Housing Stock in the UK drops heavy as buyer demand wanes

The average number of properties on estate agents’ books has hit a record low and is most unlikely to improve, according to a survey by the Royal Institution of Chartered Surveyors (Rics).

While a typical estate agent has 42 homes on their books per branch, in London – where the nation’s chronic housing shortage is most concentrated – the figure is just 33.

Rics’s monthly residential market survey, which gathers the views of more than 300 chartered surveyors across the country, also found that there was a prevailing trend in the lack of new buyer enquiries, new instructions and newly agreed sales.

New buyer enquiries fell for the eleventh consecutive month, with 16pc more survey respondents seeing a fall rather than rise in new customers, while the number of agreed sales was also down, continuing a six-month trend.

Buyer demand has fallen most dramatically in London and the south-east, Rics said, while it has risen in Scotland, Northern Ireland and Yorkshire and the Humber. Figures in most other regions remained broadly flat.

As market activity continues to slow, prices remained flat in February for the ninth month in a row, although there was an uptick in headline prices in Wales, the north west, Northern Ireland and the East Midlands.

Rics said the five-year indicator for house price growth will be approximately 15pc by the end of the 2023.

Simon Rubinsohn, Rics chief economist, said: “The divergent regional picture is becoming increasingly pronounced with key Rics indicators across huge swathes of the country still showing considerable resilience, but data for London, the south east and East Anglia are rather more subdued.”

Russell Quirk, chief executive of online estate agent Emoov.co.uk, said that it was important to note that only a “tiny proportion” of Rics members were actually estate agents and so their views “aren’t entirely typical of the overall industry”.

Earlier this week Theresa May said young people unable to climb onto the property ladder had a ”right to be angry” and that developers were partly to blame for the nation’s chronic housing shortage and other property issues.

Announcing reforms to planning rules, the prime minister said developers had a “perverse incentive” to hoard land once it had been approved for development rather than actually build on it, meaning much-needed houses were not being built. She added that they should step up and “do their duty to Britain”.

Previous research has suggested that more than 423,000 new homes in Britain have been granted planning permission but are still waiting to be built.

Councils are approving nine in every 10 planning applications, but sites are being left empty as developers fail to build quickly enough, and councils are unable to step in.

Brian Murphy of the Mortgage Advice Bureau said that it “stands to reason that if fewer properties are on the market for sale, buyer choice is restricted”. He said: ”This means that those who are actively looking are likely to view fewer properties, hence why we would see a reported reduction in new buyer enquiries.”

Property market news – what does 2018 have to offer.


This week’s Property News article is presented by The Property 

As property market news for the new year sheds light on what to expect in 2018, an unusually conservative assessment emerges from Halifax that demands attention.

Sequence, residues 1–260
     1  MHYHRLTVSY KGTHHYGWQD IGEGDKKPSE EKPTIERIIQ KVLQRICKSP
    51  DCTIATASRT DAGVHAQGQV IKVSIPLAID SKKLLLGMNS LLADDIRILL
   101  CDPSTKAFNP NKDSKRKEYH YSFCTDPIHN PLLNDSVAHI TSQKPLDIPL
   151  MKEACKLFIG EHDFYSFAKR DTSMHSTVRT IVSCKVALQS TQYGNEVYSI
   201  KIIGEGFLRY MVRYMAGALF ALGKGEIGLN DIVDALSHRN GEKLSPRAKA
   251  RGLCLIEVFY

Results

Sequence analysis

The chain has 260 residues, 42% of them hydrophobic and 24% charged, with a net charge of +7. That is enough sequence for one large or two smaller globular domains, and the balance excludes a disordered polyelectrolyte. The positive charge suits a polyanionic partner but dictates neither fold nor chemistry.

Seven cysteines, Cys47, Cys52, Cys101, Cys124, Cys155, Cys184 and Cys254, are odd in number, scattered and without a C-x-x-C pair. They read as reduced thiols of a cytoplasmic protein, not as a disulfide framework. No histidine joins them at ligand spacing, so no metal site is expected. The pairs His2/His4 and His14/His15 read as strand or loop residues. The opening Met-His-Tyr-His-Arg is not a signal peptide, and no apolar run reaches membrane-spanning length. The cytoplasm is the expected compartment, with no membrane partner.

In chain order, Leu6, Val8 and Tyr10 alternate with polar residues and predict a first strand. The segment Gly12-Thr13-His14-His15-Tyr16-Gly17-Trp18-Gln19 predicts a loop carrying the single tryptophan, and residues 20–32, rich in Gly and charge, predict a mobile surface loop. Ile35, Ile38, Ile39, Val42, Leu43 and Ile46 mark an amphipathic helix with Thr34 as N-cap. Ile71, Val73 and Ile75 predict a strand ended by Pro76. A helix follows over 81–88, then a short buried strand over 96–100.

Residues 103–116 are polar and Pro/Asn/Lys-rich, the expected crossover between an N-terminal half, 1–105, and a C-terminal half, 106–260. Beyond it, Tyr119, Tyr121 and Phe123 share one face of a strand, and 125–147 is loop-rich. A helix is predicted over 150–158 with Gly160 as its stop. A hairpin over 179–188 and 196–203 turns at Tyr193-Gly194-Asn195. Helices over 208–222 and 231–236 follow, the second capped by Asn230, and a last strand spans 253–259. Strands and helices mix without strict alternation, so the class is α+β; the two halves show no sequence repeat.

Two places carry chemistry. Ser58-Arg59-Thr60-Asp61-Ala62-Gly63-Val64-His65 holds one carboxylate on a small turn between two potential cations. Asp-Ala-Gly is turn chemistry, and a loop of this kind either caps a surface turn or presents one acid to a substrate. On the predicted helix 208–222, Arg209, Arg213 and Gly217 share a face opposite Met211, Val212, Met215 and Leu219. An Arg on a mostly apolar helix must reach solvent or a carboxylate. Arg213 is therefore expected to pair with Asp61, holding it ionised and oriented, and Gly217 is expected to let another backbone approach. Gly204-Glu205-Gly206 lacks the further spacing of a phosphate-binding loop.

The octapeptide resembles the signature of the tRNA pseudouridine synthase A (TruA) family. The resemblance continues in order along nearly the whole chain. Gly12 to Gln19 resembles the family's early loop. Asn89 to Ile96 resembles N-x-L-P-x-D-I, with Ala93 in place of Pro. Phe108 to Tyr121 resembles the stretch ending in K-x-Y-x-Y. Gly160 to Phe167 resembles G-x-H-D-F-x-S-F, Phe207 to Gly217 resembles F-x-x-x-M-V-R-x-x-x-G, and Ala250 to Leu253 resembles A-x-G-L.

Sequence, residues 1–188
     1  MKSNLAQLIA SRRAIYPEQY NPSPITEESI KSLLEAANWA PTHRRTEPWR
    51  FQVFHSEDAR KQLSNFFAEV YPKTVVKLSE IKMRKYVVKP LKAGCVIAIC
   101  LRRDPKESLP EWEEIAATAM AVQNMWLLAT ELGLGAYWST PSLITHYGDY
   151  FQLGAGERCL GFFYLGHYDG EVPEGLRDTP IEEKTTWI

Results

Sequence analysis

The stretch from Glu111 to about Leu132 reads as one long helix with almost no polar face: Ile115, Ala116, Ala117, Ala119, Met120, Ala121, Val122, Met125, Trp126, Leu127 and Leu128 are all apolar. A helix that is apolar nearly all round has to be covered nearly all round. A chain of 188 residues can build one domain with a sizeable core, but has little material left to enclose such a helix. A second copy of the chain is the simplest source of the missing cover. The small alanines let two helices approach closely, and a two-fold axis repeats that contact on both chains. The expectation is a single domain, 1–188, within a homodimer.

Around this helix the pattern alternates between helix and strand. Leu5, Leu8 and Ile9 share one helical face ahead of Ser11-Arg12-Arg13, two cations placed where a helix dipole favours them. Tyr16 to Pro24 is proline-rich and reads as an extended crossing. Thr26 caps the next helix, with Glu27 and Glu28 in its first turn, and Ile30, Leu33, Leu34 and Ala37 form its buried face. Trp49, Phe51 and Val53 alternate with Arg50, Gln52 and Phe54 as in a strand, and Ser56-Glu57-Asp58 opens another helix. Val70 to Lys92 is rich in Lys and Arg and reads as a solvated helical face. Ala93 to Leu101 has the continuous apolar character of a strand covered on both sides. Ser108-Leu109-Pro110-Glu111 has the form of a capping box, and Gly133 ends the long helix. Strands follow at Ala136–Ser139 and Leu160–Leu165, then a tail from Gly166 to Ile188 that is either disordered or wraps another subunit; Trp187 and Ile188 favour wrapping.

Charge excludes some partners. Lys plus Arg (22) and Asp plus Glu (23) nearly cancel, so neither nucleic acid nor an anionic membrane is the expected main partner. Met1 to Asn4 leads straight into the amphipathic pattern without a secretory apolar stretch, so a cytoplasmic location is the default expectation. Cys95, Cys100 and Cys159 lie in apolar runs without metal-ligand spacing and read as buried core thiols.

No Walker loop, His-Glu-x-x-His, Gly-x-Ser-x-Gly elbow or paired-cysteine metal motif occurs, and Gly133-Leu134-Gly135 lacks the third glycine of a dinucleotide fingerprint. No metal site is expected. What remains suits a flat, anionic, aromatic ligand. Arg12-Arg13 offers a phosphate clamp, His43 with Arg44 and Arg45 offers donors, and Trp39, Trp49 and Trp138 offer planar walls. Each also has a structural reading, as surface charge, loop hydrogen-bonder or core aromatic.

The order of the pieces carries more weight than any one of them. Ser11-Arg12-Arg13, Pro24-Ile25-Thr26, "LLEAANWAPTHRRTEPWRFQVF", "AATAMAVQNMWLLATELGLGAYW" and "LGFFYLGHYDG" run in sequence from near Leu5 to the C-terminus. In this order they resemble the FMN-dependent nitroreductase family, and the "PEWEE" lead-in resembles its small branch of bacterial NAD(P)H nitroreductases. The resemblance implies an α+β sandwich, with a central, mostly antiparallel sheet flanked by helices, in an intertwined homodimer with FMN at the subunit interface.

UK lender Halifax published a pretty pessimistic outlook for UK house price growth, putting a dent in the stocks of housebuilders and an uncertainty as to what your house is worth. While this was not completely unexpected, it marks a worrying time for those with a stake in the property market, as the period of uncertainty for Great Britain after the Brexit referendum continues to bite away at people’s pockets, making getting an accurate house valuation all the more difficult.

A solemn foundation for property market news in 2018?

If this is your first visit to our site, know that the readings of the UK housing market we have come to expect from Halifax are usually rather more optimistic. But they have said that property prices over the last three months of 2017 rose by just 2.7%, compared to that same three-month period back in 2016. That’s a drop from the growth of 3.9% in November, and the 4.5% recorded in October. The latest reading fell short of forecasts significantly; analysts in the Reuters poll were predicting a growth of 3.3%, so growth has slowed noticeably. This is a trend that suggests the uncertainty after Brexit is damaging property values.

There is still uncertainty of what is going to happen now that Britain has voted to leave the EU. (Read more about Brexit from the Daily Express – click here) Uncertainty following Brexit also extends to the UK Property Market. Mark King Properties, (South Wales based property investor) explores this issue and the effect it may have on house prices in more detail, click here to read the article.

Reflecting on property values, prices actually fell by around 0.6% in December, which was the first downturn since June of 2016, according to Halifax. As property market news goes, this is not the way many would have hoped things would be going into 2018.

Analysing the figures, the managing director of Halifax Community Bank observed that the pattern of the housing market in 2017 was similar to that of the year before. There was a slow in the growth of house prices, even in the south-east, and a distinct flatness to all building activity, sales completed and approved mortgages for purchasing a house. He attributed this pattern to an observed squeeze on the real growth of earnings and the ongoing uncertainty about the future of the British economy.